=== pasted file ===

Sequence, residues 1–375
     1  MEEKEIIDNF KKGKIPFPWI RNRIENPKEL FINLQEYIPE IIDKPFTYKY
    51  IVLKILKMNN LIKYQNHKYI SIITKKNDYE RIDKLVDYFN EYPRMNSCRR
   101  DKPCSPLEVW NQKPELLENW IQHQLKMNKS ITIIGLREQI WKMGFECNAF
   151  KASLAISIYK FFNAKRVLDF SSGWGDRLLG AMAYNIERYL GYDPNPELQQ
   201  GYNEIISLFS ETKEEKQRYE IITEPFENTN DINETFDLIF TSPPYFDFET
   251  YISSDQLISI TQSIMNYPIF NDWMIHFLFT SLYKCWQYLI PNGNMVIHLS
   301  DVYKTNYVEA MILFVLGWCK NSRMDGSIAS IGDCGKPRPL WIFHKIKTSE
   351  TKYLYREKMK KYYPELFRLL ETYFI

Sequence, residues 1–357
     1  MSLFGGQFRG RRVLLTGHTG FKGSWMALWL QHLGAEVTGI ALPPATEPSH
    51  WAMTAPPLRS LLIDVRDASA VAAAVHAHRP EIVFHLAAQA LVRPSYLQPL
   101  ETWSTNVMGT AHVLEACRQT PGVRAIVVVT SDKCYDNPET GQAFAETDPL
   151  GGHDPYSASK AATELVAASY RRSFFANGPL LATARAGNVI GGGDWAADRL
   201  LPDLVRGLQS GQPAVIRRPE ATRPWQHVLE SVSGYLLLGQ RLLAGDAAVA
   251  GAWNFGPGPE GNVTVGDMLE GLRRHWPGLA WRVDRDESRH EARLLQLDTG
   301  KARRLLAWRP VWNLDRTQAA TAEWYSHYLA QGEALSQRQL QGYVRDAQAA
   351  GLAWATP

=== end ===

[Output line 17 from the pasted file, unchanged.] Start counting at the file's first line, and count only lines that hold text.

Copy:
   301  KARRLLAWRP VWNLDRTQAA TAEWYSHYLA QGEALSQRQL QGYVRDAQAA